At the end of a century in which Christians’ faith in a miraculous world-view was challenged by science, many secular intellectuals began to identify nature with the immanent godhead. In this context, Burrow discusses the rise of occult movements in the early years of the twentieth century, fuelled by the nascent ‘science’ of psychology and the Nietzschean rejection of ‘a life lived at second hand, paralysed by awareness of its self-acknowledged place in an historical continuum’.
This then is the ‘crisis of reason’ alluded to in Burrow’s title. This fascinating period produced Modernism, a paradoxical movement celebrating both the ‘Dionysiac immersion in experience’ and the ‘escape into the objectivity of artifice’. As Burrow rightly says in his final sentence, ‘Modernism is our tradition’, and to understand it is to attempt to balance the complex equation of experiment and revolution, rationality and subjectivity that has become part of our cultural vocabulary.
The intellectual breadth of this book is admirable and more than compensates for occasional errors of detail (for example, the physicist and philosopher Ernst Mach is misquoted and the novelist Robert Musil, a fierce critic of Mach, is wrongly described as his ‘disciple’). This is a stimulating survey of the intellectual origins of the twentieth century and that much contested term, modernity.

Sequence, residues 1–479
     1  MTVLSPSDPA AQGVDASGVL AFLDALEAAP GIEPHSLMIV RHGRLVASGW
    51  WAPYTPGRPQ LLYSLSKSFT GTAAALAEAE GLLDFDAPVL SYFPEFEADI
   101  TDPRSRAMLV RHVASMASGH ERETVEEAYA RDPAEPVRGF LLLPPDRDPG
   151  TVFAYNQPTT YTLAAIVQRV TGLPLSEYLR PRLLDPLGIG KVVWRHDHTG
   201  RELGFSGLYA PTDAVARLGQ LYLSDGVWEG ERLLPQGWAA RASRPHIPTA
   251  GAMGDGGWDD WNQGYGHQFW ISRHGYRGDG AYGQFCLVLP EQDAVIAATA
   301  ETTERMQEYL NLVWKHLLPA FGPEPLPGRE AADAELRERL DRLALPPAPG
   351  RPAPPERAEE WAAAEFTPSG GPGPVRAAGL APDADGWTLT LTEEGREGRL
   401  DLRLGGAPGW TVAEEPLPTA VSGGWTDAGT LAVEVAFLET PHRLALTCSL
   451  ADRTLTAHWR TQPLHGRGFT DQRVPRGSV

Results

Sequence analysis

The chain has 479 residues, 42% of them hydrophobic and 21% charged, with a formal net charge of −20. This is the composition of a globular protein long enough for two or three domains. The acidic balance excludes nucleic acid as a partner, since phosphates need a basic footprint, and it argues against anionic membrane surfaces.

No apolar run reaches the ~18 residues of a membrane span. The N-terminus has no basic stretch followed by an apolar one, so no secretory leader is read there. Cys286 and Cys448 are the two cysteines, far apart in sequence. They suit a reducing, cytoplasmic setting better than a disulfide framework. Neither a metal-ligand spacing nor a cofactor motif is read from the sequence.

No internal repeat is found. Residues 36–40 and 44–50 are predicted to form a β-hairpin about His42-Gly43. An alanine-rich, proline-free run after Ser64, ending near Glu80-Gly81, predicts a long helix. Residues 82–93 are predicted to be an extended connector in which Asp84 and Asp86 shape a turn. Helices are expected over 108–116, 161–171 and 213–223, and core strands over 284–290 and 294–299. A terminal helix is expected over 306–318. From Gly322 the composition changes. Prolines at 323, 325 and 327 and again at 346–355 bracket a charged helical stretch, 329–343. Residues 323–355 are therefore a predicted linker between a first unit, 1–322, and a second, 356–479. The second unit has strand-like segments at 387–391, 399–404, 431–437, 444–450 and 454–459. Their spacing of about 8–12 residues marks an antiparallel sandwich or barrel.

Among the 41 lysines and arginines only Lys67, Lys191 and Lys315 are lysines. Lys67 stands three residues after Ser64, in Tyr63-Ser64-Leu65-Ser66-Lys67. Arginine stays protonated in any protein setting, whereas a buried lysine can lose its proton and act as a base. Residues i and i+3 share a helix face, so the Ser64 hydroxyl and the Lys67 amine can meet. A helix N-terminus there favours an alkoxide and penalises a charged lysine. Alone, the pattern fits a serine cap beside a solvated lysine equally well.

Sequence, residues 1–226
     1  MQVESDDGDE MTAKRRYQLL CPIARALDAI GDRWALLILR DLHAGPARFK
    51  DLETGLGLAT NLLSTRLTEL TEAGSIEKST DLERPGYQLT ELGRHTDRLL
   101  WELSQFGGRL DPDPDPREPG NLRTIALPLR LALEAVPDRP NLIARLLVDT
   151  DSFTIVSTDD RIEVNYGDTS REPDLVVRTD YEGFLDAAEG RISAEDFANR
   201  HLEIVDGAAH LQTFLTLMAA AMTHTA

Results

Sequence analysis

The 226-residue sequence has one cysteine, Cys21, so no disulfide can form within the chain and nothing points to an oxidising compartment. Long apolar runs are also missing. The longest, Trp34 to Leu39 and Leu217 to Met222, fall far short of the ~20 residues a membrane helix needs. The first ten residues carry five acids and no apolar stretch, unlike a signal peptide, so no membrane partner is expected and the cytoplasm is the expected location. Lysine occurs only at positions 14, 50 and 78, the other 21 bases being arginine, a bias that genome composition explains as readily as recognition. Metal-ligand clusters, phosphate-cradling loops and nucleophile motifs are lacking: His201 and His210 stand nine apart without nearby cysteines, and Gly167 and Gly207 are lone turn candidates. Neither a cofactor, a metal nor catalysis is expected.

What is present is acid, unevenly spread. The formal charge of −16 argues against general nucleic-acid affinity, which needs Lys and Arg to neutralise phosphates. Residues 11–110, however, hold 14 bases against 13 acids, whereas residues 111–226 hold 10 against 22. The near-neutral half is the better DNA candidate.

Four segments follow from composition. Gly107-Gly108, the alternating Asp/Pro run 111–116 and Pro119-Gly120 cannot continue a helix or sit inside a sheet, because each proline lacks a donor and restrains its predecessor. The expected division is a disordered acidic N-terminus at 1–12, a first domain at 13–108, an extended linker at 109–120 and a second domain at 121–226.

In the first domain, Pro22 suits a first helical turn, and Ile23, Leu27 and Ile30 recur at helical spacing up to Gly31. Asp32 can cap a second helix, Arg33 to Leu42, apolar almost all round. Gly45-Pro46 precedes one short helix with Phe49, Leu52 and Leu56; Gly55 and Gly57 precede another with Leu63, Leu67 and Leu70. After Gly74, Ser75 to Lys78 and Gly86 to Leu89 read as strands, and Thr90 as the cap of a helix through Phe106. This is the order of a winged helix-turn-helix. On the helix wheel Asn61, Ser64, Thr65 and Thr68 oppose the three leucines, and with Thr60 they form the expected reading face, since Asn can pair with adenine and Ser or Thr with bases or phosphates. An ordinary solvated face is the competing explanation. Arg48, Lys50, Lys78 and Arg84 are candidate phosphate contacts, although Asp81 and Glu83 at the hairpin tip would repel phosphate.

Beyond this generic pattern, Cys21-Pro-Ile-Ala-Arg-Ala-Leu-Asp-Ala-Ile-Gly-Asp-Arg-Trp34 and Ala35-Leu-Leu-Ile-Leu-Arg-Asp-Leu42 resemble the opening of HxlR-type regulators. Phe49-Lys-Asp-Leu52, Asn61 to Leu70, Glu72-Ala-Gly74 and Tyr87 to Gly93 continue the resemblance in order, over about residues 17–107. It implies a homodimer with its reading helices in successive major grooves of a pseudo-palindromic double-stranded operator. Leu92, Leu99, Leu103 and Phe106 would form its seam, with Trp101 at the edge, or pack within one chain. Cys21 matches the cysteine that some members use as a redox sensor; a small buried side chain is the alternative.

The fourteen articles in European Culture in the Great War, edited by Aviel Roshwald and Richard Stites, are also intended to inform our understanding of Modernism, this time in relation to the Great War. The contributors set out to examine the cultural impact of this war to end wars. Unlike earlier works, European Culture in the Great War approaches this theme by exploring the relationship between ‘high’ and ‘mass’ cultures. Jay Winter’s article on ‘Popular culture in wartime Britain’ is typical in its use of popular music, the thriller genre, sport, and film to show how ‘Prussianism’ was presented as a ‘clear and present danger’ to the English way of life during the war. When a soldier from the London Regiment was asked if he was fighting for the empire, he replied emphatically ‘yes’. Only later did he admit that he had meant the Empire Music Hall in Hackney. Winter comments that‘political ideas or abstractions had little to do with their [the soldiers’] motivation or staying power.’ And yet, ironically, by the end of the war ‘the Britain about which so many songs had been sung was a thing of the past.’